Knocking noise partially solved – PSS Shaft Seal

For a while I’ve had a knocking noise when at low idle after the engine repower.  After a lot of trips to the bilge trying to figure out what’s going on, I found that the PSS Dripless Shaft Seal was dripping.  This has been ongoing now for 6 weeks or so.  The seal is a stainless steel disc attached to the propeller shaft near the transmission, and a matching set of bellows and a carbon disc that pushes up against the steel disc.  The stainless steel disc rotates with the prop shaft, while the carbon disk stays still, and is pressed against the steel disc.  Water lubricates the carbon disc so that it doesn’t heat up, and the whole thing is supposed to provide a dripless solution that is better than a stuffing box because of low maintenance.

During the engine repower, this was not replaced.  The shop that did the work realized afterwards that it probably would have been a good idea to do that since we replaced everything else around it.  Nevertheless, they have been extremely helpful in solving the issue.

At first, I tried adjusting the tension of the bellows that the carbon disc is attached to – by increasing the pressure, the drip should stop.  In the process, I found that the knocking noise at idle was coming from the carbon disc smacking the stainless steel disc.  Through a lot of trial and error, I did minimize the drip.  It would take years of inattention now for the drip to fill the bilge.

But, the knocking noise was getting worse and worse.  In addition, at higher RPMs, the dripless seal was throwing a lot of water around the bilge.  Not enough to worry, but an annoying amount.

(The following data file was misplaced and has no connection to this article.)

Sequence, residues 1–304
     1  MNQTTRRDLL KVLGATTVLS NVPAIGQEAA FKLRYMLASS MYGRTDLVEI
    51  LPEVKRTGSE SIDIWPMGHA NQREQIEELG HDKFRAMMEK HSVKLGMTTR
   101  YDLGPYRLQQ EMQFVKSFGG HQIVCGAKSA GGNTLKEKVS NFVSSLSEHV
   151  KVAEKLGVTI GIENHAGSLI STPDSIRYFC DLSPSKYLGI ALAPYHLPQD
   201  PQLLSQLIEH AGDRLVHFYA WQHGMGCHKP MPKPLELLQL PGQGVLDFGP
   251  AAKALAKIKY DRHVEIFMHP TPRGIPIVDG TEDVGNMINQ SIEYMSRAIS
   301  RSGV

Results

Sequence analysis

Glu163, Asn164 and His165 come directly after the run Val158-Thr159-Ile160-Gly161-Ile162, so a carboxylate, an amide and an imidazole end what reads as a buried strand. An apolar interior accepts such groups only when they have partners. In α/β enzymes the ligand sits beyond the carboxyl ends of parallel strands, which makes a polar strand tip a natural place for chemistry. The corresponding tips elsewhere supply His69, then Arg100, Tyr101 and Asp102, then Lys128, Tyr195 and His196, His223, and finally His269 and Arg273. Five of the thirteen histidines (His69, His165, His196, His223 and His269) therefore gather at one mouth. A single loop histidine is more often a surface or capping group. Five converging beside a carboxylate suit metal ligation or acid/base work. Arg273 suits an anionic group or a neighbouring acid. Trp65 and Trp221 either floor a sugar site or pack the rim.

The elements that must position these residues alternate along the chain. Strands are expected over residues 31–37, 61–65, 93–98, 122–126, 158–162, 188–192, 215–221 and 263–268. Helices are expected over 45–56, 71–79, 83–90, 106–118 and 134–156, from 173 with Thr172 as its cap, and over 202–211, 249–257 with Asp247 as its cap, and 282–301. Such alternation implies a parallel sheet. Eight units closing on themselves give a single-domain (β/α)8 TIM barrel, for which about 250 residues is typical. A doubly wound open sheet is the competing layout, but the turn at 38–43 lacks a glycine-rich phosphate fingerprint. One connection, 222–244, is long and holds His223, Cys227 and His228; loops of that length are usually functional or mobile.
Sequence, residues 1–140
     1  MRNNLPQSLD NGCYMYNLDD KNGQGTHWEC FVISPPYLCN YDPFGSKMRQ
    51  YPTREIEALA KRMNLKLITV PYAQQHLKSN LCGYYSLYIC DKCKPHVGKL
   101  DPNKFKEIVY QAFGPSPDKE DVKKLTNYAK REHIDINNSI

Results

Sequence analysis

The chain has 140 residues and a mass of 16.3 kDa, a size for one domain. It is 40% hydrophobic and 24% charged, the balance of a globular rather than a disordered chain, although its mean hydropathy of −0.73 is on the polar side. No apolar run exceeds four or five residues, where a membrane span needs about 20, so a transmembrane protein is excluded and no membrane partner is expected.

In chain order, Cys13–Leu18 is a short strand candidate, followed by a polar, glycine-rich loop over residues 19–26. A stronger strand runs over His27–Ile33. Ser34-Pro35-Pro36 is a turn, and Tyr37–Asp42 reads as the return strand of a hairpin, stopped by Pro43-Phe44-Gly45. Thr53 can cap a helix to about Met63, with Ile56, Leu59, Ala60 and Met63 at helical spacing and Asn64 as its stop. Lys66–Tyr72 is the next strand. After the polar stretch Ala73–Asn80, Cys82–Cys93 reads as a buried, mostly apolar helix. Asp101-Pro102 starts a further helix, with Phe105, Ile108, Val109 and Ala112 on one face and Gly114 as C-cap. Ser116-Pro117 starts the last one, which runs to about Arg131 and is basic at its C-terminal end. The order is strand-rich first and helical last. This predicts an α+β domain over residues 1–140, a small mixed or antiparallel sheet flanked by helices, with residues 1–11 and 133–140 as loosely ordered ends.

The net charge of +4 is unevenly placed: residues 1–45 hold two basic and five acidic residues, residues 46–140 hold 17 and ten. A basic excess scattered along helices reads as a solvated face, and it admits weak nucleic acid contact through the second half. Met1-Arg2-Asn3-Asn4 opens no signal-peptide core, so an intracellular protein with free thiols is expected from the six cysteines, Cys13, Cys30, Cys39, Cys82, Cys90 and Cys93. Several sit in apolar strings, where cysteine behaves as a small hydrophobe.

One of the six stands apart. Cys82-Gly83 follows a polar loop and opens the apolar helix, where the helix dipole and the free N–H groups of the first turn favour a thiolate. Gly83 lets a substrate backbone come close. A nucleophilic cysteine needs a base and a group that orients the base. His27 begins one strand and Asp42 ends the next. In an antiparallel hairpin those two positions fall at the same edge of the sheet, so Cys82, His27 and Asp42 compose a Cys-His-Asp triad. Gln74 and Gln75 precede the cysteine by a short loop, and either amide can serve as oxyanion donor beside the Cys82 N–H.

This last week, Coastal Marine Engine, the folks who did the repower, said they had some new ideas.  Originally they had thought the bellows had a spring in it, and it turns out it doesn’t.  They found this while repowering another boat with a similar design.  They found that out of the water, as expected, the hull of the boat changes because there is no water pressure against it.  Once putting the boat into the water, the change in hull shape was enough to make the carbon disc on the boat change, and cause the shaft to be closer to the shaft log (hole through the boat that the shaft goes into) than they’d like.

They offered, free of charge, to come out and examine mine to make sure shaft alignment was correct, and to see if the dripless was being affected.

Sure enough, they found that the shaft alignment had changed, and adjusted things.  They also examined the dripless seal and found that the bellows were producing less tension than the other boat they worked on recently.  They adjusted things as best as they could, and advised me to have the dripless seal replaced during the next haul out.

In my simple testing at the dock, the knocking has almost completely disappeared.  The only time it shows up is when the motor is cold and at idle, where it’s vibrating the most, and it’s transmitting those vibrations down the shaft.  Once it’s warm, the knocking is gone.

The seal still leaks, and it still knocks a little, but it’s not so loud that people look at me when the motor is on.  I’ll have it replaced sometime this year, and I know that it will get much better as a result.

About Steve Mitchell

I live in Seattle, WA and love sailing, technology, & playing and composing music. I started playing the piano when I was 3, and ended up figuring out many other instruments along the way. I'm an avid sailor and have a 2000 Beneteau 311 named Grace, and sail it whenever and wherever I can.

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